Faith47, a street artist living in South Africa who paints all over the world, sums up well the positives of the loss of geographic context for street art:
“People are now forced to look at work of artists from all over the world, because the internet does not recognise the political borders on a map. It removes the physical divide, which for an art form which is totally site specific, has been the pivotal force in allowing it to expand into the global movement that it is today. One’s work can be totally local, but can at the same time infiltrate and inspire internationally. The internet is like a parallel reality where we all exist in the same room.”
I once spotted an example of this parallel reality on Juxtapoz’s blog. In December 2012, there was a post on their blog with the simple headline “Horfe x Spone,” and the question: “We wonder where the talents of Horfe and SPone came together?” The accompanying photograph showed two throw-ups next to each other, one by Horfe and one by SP.One, aka Greg Lamarche. The work is interesting, but the photograph provides little context for where these pieces actually exist (or existed) and the blogger provides no credits for the photograph. Even if Horfe or Lamarche come forward to explain the context, there’s no turning back now: People have seen that photograph and spread around the internet without any information about the work’s location — a piece of information which would seem to be crucial if the community believes that street art and graffiti can only truly exist within the context of a location. A blogger at Juxtapoz apparently disagreed and felt the image was worth sharing even without that information.
Even though cities become full of Banksy-hunters when a new piece appears on his website, some of his work has appeared online but never discovered on the street by fans. Two Banksy pieces that were posted on his site just in time for the 2012 Olympics in London were never located, neither were the teaser image or the Staten Island video for his 2013 New York City “residency” show Better Out Than In. Those works appeared on Banksy’s website and in some sense they only exist online, even though the implied geographic location is relevant to all four of them.
When street art and graffiti were first developing, location was a defining characteristic of the work. Books and magazines changed that somewhat, but get information from those sources was a slow process. With the popularity of street art and graffiti on the internet, location has become practically irrelevant. Because there is an unprecedented level of interconnectivity among all these artists even though they work in cities all over the world, Pedro Alonzo considers street art to be the first global art genre. That interconnectivity has been made possible by the internet.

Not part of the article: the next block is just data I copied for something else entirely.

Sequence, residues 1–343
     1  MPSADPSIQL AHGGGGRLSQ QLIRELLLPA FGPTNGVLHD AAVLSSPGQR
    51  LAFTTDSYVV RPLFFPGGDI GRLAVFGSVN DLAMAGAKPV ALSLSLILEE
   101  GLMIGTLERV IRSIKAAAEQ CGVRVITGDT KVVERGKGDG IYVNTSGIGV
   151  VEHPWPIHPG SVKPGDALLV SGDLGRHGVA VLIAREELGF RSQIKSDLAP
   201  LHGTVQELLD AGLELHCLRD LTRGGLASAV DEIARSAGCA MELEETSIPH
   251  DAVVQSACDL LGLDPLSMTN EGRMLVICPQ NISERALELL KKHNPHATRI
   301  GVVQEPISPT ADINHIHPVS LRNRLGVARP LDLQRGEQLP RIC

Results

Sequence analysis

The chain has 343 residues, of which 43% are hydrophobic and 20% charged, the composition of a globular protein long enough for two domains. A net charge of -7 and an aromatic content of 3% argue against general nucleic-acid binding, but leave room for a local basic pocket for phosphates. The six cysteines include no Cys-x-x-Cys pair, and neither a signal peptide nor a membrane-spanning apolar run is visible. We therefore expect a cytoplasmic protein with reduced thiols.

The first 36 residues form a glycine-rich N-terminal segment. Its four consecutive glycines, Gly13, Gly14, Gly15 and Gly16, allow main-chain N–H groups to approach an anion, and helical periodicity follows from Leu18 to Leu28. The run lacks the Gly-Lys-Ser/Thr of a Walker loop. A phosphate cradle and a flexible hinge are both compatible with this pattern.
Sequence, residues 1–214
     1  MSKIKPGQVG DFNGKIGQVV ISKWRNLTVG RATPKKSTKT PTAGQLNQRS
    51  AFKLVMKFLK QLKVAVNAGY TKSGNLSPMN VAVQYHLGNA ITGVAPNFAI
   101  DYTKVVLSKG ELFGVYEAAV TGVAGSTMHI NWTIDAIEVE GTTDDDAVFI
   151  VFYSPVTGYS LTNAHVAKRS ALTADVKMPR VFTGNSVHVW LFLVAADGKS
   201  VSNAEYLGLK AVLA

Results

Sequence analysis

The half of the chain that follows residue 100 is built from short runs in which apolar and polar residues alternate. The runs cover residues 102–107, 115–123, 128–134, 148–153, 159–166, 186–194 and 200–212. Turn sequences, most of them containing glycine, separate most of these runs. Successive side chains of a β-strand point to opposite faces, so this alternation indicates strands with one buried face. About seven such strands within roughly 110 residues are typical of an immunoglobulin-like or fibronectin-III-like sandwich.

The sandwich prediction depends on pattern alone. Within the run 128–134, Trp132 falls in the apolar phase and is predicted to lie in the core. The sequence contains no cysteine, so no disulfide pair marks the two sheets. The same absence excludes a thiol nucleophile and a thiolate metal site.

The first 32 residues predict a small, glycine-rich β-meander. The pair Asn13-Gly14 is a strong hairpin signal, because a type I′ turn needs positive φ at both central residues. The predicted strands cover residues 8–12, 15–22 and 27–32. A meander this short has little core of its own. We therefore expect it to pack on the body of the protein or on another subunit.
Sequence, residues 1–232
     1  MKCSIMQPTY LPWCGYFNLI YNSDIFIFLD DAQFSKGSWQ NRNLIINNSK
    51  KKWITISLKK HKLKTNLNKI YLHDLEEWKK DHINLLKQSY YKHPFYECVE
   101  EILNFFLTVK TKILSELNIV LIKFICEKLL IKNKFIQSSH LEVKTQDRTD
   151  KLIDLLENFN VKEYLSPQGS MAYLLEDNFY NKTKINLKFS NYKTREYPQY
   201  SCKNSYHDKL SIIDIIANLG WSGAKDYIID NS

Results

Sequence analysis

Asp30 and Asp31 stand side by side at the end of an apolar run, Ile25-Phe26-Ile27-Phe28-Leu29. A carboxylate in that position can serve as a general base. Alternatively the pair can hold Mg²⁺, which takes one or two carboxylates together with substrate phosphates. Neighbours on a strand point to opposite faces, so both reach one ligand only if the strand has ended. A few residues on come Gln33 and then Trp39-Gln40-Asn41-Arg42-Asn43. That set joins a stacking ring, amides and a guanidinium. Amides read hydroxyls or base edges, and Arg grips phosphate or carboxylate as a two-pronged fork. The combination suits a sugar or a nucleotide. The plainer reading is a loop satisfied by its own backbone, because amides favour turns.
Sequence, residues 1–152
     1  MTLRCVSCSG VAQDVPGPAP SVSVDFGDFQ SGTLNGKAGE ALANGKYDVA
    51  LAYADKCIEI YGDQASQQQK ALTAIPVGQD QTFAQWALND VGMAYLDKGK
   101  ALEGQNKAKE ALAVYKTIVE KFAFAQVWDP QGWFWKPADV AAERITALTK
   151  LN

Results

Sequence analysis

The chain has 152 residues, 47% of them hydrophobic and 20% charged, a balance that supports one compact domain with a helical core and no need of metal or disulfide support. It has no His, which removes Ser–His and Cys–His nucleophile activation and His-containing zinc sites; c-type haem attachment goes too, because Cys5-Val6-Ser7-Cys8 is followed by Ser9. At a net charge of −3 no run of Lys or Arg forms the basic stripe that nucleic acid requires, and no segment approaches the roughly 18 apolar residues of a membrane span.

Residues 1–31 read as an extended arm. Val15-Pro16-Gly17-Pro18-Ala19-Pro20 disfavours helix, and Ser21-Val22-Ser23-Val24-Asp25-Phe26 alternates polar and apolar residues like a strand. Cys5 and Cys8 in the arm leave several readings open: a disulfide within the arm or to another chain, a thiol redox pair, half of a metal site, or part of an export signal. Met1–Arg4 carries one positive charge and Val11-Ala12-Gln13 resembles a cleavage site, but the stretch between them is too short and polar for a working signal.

People report seeing work on Wooster Collective during the site’s early days which had clearly been put up in the artist’s backyard, only to be replaced a month later by a new piece in the same spot. I haven’t been able to find an example of this and Marc and Sara Schiller don’t recall it happening, but just the fact that fans of the site tell that story says something about the way blogs have changed people’s idea of location. Today, blogs and forums and social media profiles are the locations that matter, and conversations between distant artists take place online. The web is where the eyeballs street artists are trying to reach are found. In many cases, posting a photograph has become more important than the work itself, particularly among young street artists in cities without a strong street art community or artists using techniques that are best rendered in a photograph or a video.
Today, Wooster Collective is a location more highly prized by street artists than nearly any street corner in the world except perhaps New York City’s Bowery and Houston mural. And while bloggers have become the new gatekeepers in a sense, artists can also reach out to their fans directly thanks to services like Instagram and Twitter. Evan Roth stated it quite bluntly: “The internet has eyeballs.” As a result, the internet has made the location of some street art and graffiti obsolete. If you don’t get a photo before your piece gets buffed, it may not matter whether it’s in a most highly visible spot in a densely populated city or an alleyway in a suburb. While it can still be helpful to get up in Brooklyn rather than Columbus, Ohio, it isn’t essential. The difference between getting up in Columbus versus San Francisco isn’t as important as it once was. Often, the most important function of the location of street art and graffiti today is to provide context for the piece, rather than eyeballs. People’s attention is online rather than on the city streets, and it’s only logical that street artists and graffiti writers go where their audience can be found. After all, an audience is exactly what so many of them are seeking. The internet is the only place where an artist in Ohio can share a photograph of a stencil he painted in an alleyway, a fan in Australia can see the piece and re-share it with her friends, and an artist in Tel Aviv can see that photo thanks to the woman in Australia and make a piece influenced by it only hours after the artist in Ohio sprayed that stencil.
Location is still important for street art and graffiti, but the locations that matter don’t exist in the real world anymore. The audiences for graffiti and street are they same people they’ve always been, but they’re looking at art from their desks rather than from the sidewalk. Some artists have adapted as their works have moved from cityscape to screenscape, and that’s what the next two chapters will highlight.
- Evan Roth Presentation, Storytelling, Kitchen Budapest. Perf. Evan Roth. YouTube. Kitchenbudapest, 26 Feb. 2012. Web. 13 Feb. 2013.↵